The Meteora is a rock formation in central Greece hosting one of the largest and most precipitously built complexes of Eastern Orthodox monasteries, second in importance only to Mount Athos. The six (of an original twenty four) monasteries are built on immense natural pillars and hill-like rounded boulders that dominate the local area. It is located near the town of Kalabaka at the northwestern edge of the Plain of Thessaly near the Pineios river and Pindus Mountains.
Meteora is included on the UNESCO World Heritage List under criteria I, II, IV, V, and VII. Beside the Pindos Mountains, in the western region of Thessaly, these unique and enormous columns of rock rise precipitously from the ground. But their unusual form is not easy to explain geologically. They are not volcanic plugs of hard igneous rock typical elsewhere, but the rocks are composed of a mixture of sandstone and conglomerate.
The conglomerate was formed of deposits of stone, sand, and mud from streams flowing into a delta at the edge of a lake, over millions of years. About 60 million years ago during the Paleogene period a series of earth movements pushed the seabed upward, creating a high plateau and causing many vertical fault lines in the thick layer of sandstone. The huge rock pillars were then formed by weathering by water, wind, and extremes of temperature on the vertical faults. It is unusual that this conglomerate formation and type of weathering are confined to a relatively localised area within the surrounding mountain formation.
This type of rock formation and weathering process has happened in many other places locally and throughout the world, but what makes Meteora's appearance special is the uniformity of the sedimentary rock constituents deposited over millions of years leaving few signs of vertical layering, and the localised abrupt vertical weathering.
The exact date of the establishment of the monasteries is unknown. By the late eleventh and early twelfth centuries, a rudimentary monastic state had formed called the Skete of Stagoi and was centred around the still-standing church of Theotokos (Mother of God). By the end of the twelfth century, an ascetic community had flocked to Meteora.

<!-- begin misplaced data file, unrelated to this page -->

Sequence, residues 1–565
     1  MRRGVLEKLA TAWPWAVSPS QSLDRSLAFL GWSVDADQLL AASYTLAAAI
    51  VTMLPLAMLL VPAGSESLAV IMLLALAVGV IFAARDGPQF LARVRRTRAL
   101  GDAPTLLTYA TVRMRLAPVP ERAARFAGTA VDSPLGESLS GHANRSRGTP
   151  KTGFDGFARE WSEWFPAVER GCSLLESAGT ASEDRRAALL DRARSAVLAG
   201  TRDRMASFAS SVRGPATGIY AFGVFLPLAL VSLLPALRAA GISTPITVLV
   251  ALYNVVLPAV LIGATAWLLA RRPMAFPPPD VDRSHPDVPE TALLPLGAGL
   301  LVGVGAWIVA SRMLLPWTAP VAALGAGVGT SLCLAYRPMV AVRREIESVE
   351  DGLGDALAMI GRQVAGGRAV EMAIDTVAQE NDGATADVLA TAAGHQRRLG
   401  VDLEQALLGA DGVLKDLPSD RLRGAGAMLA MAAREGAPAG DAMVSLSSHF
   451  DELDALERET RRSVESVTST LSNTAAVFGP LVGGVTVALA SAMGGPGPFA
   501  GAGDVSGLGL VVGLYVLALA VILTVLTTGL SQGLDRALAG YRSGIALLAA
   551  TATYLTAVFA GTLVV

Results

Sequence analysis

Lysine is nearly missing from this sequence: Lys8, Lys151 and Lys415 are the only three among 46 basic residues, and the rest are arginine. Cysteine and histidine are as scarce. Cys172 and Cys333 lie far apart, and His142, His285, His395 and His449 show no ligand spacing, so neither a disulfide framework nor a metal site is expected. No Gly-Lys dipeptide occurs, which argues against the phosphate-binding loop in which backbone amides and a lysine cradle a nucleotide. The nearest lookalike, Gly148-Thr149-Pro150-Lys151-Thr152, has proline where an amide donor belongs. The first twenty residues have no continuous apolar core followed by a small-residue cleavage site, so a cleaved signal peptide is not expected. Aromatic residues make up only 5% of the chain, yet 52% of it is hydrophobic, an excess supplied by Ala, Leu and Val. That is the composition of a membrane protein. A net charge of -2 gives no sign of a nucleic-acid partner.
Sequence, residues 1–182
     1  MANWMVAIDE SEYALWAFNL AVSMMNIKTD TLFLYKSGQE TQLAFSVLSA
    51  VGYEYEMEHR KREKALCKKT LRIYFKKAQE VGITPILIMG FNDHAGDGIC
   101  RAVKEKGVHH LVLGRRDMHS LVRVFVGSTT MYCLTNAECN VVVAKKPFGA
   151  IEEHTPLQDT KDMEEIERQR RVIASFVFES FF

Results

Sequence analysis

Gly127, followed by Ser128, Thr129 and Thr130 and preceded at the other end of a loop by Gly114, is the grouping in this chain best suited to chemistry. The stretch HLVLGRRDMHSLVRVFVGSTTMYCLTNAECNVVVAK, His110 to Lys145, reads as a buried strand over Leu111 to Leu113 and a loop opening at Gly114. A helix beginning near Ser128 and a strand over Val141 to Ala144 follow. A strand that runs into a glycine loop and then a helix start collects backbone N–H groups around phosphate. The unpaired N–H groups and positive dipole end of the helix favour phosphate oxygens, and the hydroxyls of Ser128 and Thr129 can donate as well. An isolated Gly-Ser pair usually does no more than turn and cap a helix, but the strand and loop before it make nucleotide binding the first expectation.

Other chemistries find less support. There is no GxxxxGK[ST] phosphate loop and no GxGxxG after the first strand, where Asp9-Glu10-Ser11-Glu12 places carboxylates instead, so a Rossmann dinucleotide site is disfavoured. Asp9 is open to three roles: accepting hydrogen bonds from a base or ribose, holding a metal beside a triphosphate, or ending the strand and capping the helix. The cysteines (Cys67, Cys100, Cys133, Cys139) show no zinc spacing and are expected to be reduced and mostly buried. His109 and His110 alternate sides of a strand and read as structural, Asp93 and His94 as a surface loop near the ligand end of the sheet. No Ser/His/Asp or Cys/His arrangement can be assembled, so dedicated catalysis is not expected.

In 1344, Athanasios Koinovitis from Mount Athos brought a group of followers to Meteora. From 1356 to 1372, he founded the great Meteoron monastery on the Broad Rock, which was perfect for the monks; they were safe from political upheaval and had complete control of the entry to the monastery. The only means of reaching it was by climbing a long ladder, which was drawn up whenever the monks felt threatened.
At the end of the fourteenth century, the Byzantine Empire's reign over northern Greece was being increasingly threatened by Turkish raiders who wanted control over the fertile plain of Thessaly. The hermit monks, seeking a retreat from the expanding Turkish occupation, found the inaccessible rock pillars of Meteora to be an ideal refuge. More than 20 monasteries were built, beginning in the fourteenth century. Six remain today.
At their peak in the sixteenth century there were 24 monasteries at Meteora in Greece. They were created to serve monks and nuns following the teachings of the Eastern Orthodox Church. Much of the architecture of these buildings is Athonite in origin. Today there are six still functioning, while the remainder are largely in ruin. Perched onto high cliffs, they are now accessible by staircases and pathways cut into the rock formations.
Of the six functioning monasteries, the Holy Monastery of St. Stephen and the Holy Monastery of Roussanou are inhabited by nuns while the remainder are inhabited by monks. The total monastic population of the Meteora monasteries in 2015 was 56, comprising 15 monks in four monasteries and 41 nuns in two monasteries. The monasteries are now tourist attractions.
According to en.wikipedia